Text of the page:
I am asserting the theorem is always true for p being any natural number. In fact I'm asserting that the theorem is true for any real number p (except for p = 0), a bonus.

Let's say we have y = (cab)^p and x = (abc)^p where again a, b and c can take on any values from 0 to 9. Let's raise each expression to the 1/p power (again p not equal to 0). Now we have y^1/p = (cab) and x^1/p = (abc). Taking their difference, we have (cab) - (abc). Comparing with the first post, this is already proven to be divisible by nine and if we replace 1/p by n (where n is allowed to be any real number except 0) and then replace n by p (since p is a dummy variable), this proves this part of the theorem for three-digit numbers and by following the same steps as shown in the second post, this completes the extended proof for powers of anagram numbers of any number with unspecified number of digits).

PhilX
This demonstration is also wrong, for many reasons.
You could see that 21^(1/2)-12^(1/2) is not a whole number, and then 9 don’t divide it.

Also, numbers of the form a/b are rational numbers, which is a subset of real numbers.

Here is a demonstration of what you wanted to demonstrate:
a and b anagrams numbers, and p>0 a whole number.
a^p-b^p = (a^(p-1)+b^(p-1))(a-b)
9 divide (a-b) (because it is the difference of two anagrams numbers).
then 9 divide (a^(p-1)+b^(p-1))(a-b)=a^p-b^p

You could see you was near with your last demonstration with p=2^n.
Instead of dividing p by 2 in each iteration, until i get (a-b), i just removed 1 to p.(what give me a one iteration step, and this work for each p).
And like you put it, the case for p=0 is straightforward.
Two things dionisos:

First you wrote 21^(1/2)-12^(1/2) which is the wrong number. You should have written
(21^2)^1/2 - (12^2)^1/2 which is the right form of the number I am discussing. So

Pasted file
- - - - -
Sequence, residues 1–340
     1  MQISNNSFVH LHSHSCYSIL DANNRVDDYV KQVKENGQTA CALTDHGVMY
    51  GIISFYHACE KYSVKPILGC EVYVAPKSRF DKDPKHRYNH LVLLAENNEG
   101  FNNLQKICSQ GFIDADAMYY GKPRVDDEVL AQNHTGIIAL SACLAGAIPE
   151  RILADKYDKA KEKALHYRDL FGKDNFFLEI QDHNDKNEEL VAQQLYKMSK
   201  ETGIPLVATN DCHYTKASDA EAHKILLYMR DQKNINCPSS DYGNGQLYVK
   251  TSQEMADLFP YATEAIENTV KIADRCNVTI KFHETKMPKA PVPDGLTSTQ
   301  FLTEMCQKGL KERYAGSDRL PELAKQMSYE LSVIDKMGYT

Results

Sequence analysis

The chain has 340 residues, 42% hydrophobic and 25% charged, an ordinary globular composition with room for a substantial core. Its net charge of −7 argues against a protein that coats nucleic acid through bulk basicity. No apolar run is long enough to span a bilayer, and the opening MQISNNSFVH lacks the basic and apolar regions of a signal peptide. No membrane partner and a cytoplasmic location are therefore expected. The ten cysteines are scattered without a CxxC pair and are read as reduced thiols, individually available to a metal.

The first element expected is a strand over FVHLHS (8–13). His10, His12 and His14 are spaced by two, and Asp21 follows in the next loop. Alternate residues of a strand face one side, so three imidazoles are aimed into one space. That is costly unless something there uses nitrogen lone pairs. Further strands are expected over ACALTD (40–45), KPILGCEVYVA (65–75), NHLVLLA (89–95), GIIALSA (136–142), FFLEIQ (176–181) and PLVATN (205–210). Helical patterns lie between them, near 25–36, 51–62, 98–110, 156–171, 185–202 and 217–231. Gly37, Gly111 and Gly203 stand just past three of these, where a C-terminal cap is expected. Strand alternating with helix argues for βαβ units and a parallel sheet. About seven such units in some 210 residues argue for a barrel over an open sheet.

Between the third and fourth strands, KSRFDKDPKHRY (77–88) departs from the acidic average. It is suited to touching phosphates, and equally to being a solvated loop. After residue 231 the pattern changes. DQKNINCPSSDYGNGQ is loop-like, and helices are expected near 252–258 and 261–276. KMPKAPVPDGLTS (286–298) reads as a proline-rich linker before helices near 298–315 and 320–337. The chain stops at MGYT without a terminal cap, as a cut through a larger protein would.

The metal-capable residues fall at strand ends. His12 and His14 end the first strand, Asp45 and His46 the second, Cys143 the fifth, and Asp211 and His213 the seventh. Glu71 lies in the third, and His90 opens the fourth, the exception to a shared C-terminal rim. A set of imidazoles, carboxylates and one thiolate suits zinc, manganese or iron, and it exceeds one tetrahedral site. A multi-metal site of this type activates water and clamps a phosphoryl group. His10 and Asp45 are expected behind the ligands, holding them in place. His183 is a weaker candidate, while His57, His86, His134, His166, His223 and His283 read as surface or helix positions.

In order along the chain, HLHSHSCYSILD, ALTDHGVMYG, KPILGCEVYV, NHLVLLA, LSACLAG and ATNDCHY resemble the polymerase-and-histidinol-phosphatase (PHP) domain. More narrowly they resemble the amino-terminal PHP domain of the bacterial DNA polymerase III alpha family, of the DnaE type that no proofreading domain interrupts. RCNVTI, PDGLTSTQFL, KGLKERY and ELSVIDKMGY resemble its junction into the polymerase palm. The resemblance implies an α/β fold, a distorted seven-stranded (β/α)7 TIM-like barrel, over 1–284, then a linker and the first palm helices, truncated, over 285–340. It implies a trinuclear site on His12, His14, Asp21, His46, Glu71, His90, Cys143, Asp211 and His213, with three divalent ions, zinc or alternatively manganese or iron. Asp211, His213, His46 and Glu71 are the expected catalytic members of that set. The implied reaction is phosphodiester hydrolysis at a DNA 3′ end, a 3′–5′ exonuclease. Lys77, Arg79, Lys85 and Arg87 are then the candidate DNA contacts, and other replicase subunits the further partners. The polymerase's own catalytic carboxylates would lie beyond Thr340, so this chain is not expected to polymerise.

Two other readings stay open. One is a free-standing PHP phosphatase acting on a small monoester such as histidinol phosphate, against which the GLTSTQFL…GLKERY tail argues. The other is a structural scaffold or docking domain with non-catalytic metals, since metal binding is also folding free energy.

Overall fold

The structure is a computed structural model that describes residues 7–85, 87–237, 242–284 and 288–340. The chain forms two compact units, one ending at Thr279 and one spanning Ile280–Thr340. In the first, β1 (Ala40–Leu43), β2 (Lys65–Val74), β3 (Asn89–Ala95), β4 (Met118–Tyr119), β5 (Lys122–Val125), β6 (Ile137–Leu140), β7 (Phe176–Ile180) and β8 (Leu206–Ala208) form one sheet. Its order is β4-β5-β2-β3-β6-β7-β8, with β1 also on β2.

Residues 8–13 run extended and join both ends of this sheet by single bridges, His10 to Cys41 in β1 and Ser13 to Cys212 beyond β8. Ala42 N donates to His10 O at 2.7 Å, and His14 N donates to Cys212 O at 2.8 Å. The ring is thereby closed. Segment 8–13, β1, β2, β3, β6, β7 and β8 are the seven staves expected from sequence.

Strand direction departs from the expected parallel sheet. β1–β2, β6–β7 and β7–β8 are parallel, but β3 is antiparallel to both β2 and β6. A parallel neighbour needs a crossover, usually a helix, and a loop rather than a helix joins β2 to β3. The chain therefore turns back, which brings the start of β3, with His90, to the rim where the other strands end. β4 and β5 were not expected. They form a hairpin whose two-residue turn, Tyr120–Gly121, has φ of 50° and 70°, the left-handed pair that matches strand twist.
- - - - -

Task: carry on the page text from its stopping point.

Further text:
(21^2)^1/2 = (21)^2/2 = 21^1 = 21 and
(12^2)^1/2 = (12)^2/2 = 12^1 = 12. The difference between 21 and 12 is 9 which is evenly divisible by 9. Apparently you're having a problem with the notation. Just reread what I wrote in the first sentence.

If you're restricting a and b to be whole numbers, then yes, a/b is a rational number (b not equal to 0). But I'm not restricting a and b to be whole numbers. I'm letting them be any real number (except b can't be equal to 0).

Looking over your counterexample, you are correct because when you're taking the square root of 12 and 21, the difference isn't divisible by 9 as the decimal expressions beyond the decimal point won't cancel when you take their difference (but look at anagram numbers 441 and 144, their difference is 297 which is evenly divisible by 9; also look at their square roots 21 and 12 and the difference between them is 9 which is of course divisible by 9).

Your counterexample forced me to reconsider the situation so I'm amending my theorem to restricting p to be just any natural number which will take care of the problem.

Are we in agreement now?

PhilX

dionisos
Posts: 96
Joined: Sat Aug 29, 2015 11:03 am

### Re: Proving that the difference between any two anagram numbers is always a multiple of nine

Just a note: You should write (21^2)^(1/2) and not (21^2)^1/2, because the '^' has priority otherwise.

The problem is not only about the fact that p is a real or a whole number, i can only find counter example when it is not a whole number, but your demonstration is still false otherwise. (even if what you try to demonstrate is true).

let y = (cab)^p and let x = (abc)^p (ok)
then y^(1/p) = (cab) and x^(1/p) = (abc) (ok)
then y^(1/p) - x^(1/p) = (cab) - (abc) (ok)
then 9 divide y^(1/p) - x^(1/p) (ok)
let n=1/p (ok)
then 9 divide y^n - x^n (ok)
let p = n (not ok, you have already defined p)
Look, if you need this last step, and you can’t use n directly, it is only because you need to use "y = (cab)^p", but you can’t use it, if you don’t use the same p.
And in your demonstration, p have no need to be a whole number, if it was right, it should be right for any real number p.
Then my counter example should finish to convince you that your demonstration is wrong, for p a whole number or not.

Philosophy Explorer
Posts: 5621
Joined: Sun Aug 31, 2014 7:39 am

### Re: Proving that the difference between any two anagram numbers is always a multiple of nine

I'm still working on hammering out the complete proof.

I was looking over the binomial theorem which suggests this is always true (unproven so far).

If we have two anagram numbers, x and y, then:

y^2•x - x^2•y is always divisible by 9.

Check this out on your calculator.

PhilX

dionisos
Posts: 96
Joined: Sat Aug 29, 2015 11:03 am

### Re: Proving that the difference between any two anagram numbers is always a multiple of nine

Philosophy Explorer wrote:I'm still working on hammering out the complete proof.